Vaginal Discharge – Top Questions answered by a doctor
“Leucorrhoea” or in simple terms vaginal discharge is one of common presentation in family physician clinic. As a doctor, I see patients with vaginal discharge regularly and most of them don’t even need treatment.
In many cultures, it is not considered normal to discuss vaginal secretion which is understandable but this leaves women with many unanswered questions. Today I am going to break myths and tackle this taboo topic. I am going to provide you with answers to those questions which women hardly ask.
1. I am having vaginal discharge, is it normal?
Yes, of course, it is. Every woman of reproductive age has vaginal secretions which are normal. Vaginal discharge changes during a normal menstrual cycle.
- From start of cycle till ovulation (can be around 14-21 from first day of menstruation), female hormone oestrogen is high which makes vaginal secretions thick, sticky and slightly white.
- At the time of ovulation, it becomes clearer, wetter, stretchy and slippery.
- After ovulation, it becomes thick and sticky again.
2. I have heard about vaginal ph? Is there anything like that?
- Yes, it is, the vagina has a normal ph of 4.5 which is due to Lactobacillus (commensal bacteria of the vagina). Vagina has some other bacteria in it as well. All these are important to maintain normal flora of the vagina and to prevent infection. Changes in vaginal pH can be responsible for infections such as thrush.
3. What are the signs of abnormal vaginal discharge?
Normal vaginal discharge hardly has any smell. Any strong smell can be a sign of infective or non-infective cause, which needs an evaluation from a doctor.
Vaginal discharge is normally clear or can have a slight tinge of whitish colour. But if it has any colour such as curdy white, green, yellow or blood-tinged then you should see your doctor to rule out any infection or other causes of abnormal discharge.
if you have itching, discomfort or lower abdominal pain then these can be signs of abnormal vaginal discharge.
4. What are the causes of abnormal vaginal discharge?
such as thrush, bacterial vaginosis or sexually transmitted illness
such as a forgotten tampon or even polyp or growth in cervix, vagina or uterus.
5. What should I expect at the doctor clinic if I attend with vaginal discharge?
- Your doctor will take a thorough history to begin with. This can include detailed sexual history. An honest and open answer is important as it is crucial to rule out serious or sinister infections.
- Your doctor can also consider doing internal examination depending upon on your history. The doctor can take some swabs (collection of secretions from long cotton bud like instrument) to send for tests if needed.
- You should expect the details of the examination and also investigations before the doctor can proceed with it, as your informed consent is crucial. Last but not least you deserve respect, privacy, and confidentiality at your doctor clinic.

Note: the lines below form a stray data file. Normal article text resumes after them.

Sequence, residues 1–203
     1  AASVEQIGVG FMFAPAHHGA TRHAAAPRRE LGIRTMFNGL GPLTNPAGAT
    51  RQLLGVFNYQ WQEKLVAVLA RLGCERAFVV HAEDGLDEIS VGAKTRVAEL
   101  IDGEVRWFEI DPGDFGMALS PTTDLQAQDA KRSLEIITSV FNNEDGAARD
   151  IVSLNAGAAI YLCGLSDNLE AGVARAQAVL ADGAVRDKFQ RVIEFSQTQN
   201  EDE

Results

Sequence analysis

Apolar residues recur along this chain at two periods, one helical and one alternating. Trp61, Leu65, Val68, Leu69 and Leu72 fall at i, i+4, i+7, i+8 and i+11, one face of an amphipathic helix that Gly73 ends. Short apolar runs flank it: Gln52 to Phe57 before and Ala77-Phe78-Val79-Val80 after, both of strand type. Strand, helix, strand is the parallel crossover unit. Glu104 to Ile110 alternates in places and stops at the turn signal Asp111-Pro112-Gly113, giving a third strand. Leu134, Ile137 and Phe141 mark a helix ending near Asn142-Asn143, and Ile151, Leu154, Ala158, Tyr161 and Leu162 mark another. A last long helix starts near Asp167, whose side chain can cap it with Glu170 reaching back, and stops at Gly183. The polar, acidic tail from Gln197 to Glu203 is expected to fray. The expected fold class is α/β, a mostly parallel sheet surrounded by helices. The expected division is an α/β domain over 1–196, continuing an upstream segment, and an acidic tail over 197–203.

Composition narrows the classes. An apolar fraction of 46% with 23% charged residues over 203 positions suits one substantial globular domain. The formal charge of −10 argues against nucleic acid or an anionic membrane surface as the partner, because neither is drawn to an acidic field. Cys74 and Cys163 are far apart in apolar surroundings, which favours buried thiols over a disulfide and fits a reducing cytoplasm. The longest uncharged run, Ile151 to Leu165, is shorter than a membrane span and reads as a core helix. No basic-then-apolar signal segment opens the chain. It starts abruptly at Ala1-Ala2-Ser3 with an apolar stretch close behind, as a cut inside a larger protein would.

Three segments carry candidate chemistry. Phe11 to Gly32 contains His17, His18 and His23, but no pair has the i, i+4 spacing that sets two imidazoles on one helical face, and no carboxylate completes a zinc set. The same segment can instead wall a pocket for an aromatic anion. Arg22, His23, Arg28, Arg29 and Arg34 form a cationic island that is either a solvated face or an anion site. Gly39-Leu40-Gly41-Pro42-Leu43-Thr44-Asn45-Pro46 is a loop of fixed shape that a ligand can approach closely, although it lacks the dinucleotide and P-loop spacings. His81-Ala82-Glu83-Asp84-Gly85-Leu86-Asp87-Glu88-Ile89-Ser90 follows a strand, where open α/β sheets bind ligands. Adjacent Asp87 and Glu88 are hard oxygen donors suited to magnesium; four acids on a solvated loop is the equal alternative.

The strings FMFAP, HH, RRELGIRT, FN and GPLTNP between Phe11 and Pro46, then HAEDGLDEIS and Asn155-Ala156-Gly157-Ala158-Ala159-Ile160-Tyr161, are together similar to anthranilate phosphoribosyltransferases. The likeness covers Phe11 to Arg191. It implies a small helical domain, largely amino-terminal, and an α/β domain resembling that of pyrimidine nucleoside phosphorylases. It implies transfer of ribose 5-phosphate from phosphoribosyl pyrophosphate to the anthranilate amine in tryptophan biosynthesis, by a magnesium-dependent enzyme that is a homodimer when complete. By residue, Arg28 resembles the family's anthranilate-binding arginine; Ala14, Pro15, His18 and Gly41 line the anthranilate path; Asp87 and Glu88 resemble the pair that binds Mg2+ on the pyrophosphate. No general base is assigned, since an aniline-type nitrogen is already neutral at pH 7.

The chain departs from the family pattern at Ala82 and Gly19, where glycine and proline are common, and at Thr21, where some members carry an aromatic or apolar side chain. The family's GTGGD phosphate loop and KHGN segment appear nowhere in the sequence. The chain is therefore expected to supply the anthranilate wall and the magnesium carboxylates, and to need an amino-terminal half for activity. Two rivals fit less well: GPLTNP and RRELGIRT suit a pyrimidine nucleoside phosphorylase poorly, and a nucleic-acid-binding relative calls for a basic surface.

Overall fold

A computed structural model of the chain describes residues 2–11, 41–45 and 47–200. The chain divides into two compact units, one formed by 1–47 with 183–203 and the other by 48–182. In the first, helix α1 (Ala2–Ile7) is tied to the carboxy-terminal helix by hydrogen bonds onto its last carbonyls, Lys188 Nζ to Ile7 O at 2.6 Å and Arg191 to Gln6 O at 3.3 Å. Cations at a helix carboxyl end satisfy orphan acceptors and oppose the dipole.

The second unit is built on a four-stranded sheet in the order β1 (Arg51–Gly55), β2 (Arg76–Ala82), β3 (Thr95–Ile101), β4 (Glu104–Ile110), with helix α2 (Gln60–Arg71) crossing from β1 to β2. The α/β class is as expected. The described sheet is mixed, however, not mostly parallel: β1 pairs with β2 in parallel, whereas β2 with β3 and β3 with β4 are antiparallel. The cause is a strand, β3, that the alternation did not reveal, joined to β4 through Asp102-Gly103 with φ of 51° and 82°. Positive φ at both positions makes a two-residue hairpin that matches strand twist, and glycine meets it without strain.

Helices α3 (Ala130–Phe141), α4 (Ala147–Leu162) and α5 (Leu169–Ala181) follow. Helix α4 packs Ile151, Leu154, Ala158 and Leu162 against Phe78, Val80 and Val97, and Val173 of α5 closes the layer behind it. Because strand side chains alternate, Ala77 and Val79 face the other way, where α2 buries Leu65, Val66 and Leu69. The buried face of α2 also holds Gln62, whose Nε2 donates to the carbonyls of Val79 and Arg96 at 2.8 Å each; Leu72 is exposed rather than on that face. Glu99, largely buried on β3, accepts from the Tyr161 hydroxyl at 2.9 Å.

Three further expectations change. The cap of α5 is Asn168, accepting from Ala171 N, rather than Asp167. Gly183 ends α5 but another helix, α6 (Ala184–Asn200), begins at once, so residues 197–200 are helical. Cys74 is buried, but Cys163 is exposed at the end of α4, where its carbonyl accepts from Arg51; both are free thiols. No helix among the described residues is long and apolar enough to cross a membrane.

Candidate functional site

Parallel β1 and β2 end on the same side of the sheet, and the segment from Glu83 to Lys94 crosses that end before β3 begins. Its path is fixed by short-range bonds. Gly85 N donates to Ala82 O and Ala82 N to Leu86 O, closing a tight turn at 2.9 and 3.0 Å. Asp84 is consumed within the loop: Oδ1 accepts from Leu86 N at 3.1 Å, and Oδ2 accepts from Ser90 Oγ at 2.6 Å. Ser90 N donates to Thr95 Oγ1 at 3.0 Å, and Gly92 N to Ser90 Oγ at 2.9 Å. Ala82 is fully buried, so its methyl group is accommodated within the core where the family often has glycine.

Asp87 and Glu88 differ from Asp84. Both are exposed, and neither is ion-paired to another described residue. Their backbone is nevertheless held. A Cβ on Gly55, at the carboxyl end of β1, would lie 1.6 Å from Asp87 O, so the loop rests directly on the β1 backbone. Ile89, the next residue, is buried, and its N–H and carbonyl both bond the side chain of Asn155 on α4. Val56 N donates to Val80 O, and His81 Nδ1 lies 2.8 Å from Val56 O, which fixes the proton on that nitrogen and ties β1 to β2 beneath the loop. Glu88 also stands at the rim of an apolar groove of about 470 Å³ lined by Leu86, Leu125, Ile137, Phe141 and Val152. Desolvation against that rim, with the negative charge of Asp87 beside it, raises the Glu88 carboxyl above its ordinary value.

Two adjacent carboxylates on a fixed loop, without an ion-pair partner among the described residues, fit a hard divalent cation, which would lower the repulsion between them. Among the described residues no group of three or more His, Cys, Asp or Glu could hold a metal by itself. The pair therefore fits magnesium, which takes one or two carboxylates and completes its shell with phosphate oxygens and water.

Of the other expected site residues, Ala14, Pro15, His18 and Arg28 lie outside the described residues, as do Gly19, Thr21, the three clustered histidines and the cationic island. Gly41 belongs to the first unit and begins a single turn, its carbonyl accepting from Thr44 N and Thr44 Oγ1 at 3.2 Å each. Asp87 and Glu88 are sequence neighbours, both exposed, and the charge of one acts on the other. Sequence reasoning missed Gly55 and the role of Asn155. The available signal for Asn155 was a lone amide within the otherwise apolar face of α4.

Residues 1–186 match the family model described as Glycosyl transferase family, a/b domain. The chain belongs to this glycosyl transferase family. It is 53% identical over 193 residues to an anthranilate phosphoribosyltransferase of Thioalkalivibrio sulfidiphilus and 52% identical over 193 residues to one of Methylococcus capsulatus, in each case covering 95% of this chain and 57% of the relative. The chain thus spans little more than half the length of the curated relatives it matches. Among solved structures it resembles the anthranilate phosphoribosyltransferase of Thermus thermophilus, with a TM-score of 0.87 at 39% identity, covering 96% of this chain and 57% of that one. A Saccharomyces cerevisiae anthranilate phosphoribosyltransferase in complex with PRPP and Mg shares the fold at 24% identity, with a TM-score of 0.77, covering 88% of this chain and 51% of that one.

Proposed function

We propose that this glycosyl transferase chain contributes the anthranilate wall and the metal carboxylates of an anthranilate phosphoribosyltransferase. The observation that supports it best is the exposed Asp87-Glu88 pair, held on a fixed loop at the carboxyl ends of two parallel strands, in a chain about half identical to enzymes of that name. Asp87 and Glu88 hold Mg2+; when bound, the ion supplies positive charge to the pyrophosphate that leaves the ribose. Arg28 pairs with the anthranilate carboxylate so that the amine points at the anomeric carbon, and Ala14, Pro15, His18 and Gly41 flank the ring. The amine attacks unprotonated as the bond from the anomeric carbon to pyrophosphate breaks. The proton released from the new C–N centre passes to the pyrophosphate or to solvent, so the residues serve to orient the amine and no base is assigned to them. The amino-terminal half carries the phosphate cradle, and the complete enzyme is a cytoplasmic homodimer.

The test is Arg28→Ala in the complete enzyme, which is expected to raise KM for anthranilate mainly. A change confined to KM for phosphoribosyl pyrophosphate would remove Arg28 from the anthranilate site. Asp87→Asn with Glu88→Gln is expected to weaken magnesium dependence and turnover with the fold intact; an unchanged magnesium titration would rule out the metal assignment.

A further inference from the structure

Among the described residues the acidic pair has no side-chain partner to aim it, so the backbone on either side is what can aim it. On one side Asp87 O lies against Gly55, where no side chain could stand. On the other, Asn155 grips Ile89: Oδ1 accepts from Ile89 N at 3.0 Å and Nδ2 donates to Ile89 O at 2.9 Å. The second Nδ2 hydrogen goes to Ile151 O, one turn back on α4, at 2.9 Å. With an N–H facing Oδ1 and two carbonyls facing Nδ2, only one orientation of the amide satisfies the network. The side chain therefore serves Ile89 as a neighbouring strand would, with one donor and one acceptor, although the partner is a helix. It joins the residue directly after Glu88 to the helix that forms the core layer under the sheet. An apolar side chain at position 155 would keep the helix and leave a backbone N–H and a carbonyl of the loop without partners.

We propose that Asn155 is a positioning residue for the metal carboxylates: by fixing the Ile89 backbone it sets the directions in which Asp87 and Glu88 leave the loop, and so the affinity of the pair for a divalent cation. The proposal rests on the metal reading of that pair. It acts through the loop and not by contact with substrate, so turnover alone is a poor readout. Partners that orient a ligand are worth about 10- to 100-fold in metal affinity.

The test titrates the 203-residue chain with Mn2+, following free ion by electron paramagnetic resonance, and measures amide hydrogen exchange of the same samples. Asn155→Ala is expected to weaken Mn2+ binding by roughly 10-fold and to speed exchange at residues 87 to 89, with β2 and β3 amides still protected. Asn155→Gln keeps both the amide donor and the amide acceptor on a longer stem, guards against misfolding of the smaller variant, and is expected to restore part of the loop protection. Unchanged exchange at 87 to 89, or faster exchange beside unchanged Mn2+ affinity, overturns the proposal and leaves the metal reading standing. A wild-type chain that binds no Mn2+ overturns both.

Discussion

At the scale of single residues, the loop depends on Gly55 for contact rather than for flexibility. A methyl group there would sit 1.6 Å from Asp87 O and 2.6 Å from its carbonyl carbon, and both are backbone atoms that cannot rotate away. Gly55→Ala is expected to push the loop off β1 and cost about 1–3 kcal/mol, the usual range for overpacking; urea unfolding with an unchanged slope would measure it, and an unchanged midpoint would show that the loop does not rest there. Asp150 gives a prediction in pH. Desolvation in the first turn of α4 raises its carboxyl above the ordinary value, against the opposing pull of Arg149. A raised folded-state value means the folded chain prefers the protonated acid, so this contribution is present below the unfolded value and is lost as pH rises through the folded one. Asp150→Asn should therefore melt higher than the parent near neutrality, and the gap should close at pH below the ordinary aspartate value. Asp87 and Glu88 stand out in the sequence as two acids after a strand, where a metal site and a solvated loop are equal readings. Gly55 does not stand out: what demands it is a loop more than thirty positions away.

6. I clean my vaginal regularly, is that ok?
- Cleaning of the vagina is not required as the vagina is a self-cleaning organ. If by cleaning mean, outer skin which is called vulva then it’s fine. You can wash that area with water or sometimes with simple soap. But washing the vagina from inside can lead to more problems rather than helping. It can disturb the pH of the vagina which can cause thrush or bacterial vaginosis. Vaginal douching is not recommended by doctors. Few women use scented products or glittery stuff in the vagina, this can cause infections and sometimes can lead to long term issues.
7. I have vaginal dryness? What should I do?
- Pain during or after sex
- Repeated urinary tract or bladder infection
- If you need to pee more often
- Itch or soreness in vagina
- Hormonal: such as menopause, breastfeeding, medication ( contraceptive pills or anti-depressant etc), hysterectomy, chemotherapy
- Non- Hormonal causes: Poor arousal during sex, vaginal douching, cleaning with soap, using perfumes or scented products, or underlying conditions such as diabetes etc
- Use water-based lubricants before sex
- Use a vaginal moisturizer after discussion with your doctor.
- Use un-perfumed soap or washes to wash around the vagina
8. What are the top tips to manage normal secretions?
- Use simple cotton underwears for routine use.
- Do not wash the vagina from inside with any soap.
- Do not use any material inside the vagina unless recommended by your doctor.
- Change your tampon or pads regularly during periods.
- Wash with clean lukewarm water after intercourse
- Use simple panty liners if you have slightly heavy secretions.
- Don’t use petroleum jelly inside the vagina in case of vaginal dryness, as it can lead to infections
- Use moisturizer and lubricants in the vagina which are made for it and better to use only after consulting your doctor
- If any concern then see your family doctor. You can search for a physician through doctors list from here.
Author Dr. Farah Ansari completed her MRCGP in 2013. She was a lead GP in 02 main practices in Glasgow and was cluster lead for Bridgeton cluster in Glasgow. Read Here more about her.